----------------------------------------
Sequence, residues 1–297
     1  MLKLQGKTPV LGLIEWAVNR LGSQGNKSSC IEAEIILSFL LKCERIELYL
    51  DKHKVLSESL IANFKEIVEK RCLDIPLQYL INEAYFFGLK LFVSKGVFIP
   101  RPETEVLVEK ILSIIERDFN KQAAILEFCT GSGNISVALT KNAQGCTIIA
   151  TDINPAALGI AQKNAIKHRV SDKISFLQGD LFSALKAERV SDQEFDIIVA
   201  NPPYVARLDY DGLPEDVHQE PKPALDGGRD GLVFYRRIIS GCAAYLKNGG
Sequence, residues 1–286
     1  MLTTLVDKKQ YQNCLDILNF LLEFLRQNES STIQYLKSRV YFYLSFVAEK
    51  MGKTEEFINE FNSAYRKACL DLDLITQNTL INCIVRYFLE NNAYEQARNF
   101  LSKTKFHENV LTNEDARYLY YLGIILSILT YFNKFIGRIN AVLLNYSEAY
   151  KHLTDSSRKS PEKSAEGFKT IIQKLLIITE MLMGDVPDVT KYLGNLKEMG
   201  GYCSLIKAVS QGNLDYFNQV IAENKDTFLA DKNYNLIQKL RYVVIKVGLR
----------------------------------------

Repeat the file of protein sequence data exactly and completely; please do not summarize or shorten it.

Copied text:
Sequence, residues 1–297
     1  MLKLQGKTPV LGLIEWAVNR LGSQGNKSSC IEAEIILSFL LKCERIELYL
    51  DKHKVLSESL IANFKEIVEK RCLDIPLQYL INEAYFFGLK LFVSKGVFIP
   101  RPETEVLVEK ILSIIERDFN KQAAILEFCT GSGNISVALT KNAQGCTIIA
   151  TDINPAALGI AQKNAIKHRV SDKISFLQGD LFSALKAERV SDQEFDIIVA
   201  NPPYVARLDY DGLPEDVHQE PKPALDGGRD GLVFYRRIIS GCAAYLKNGG
Sequence, residues 1–286
     1  MLTTLVDKKQ YQNCLDILNF LLEFLRQNES STIQYLKSRV YFYLSFVAEK
    51  MGKTEEFINE FNSAYRKACL DLDLITQNTL INCIVRYFLE NNAYEQARNF
   101  LSKTKFHENV LTNEDARYLY YLGIILSILT YFNKFIGRIN AVLLNYSEAY
   151  KHLTDSSRKS PEKSAEGFKT IIQKLLIITE MLMGDVPDVT KYLGNLKEMG
   201  GYCSLIKAVS QGNLDYFNQV IAENKDTFLA DKNYNLIQKL RYVVIKVGLR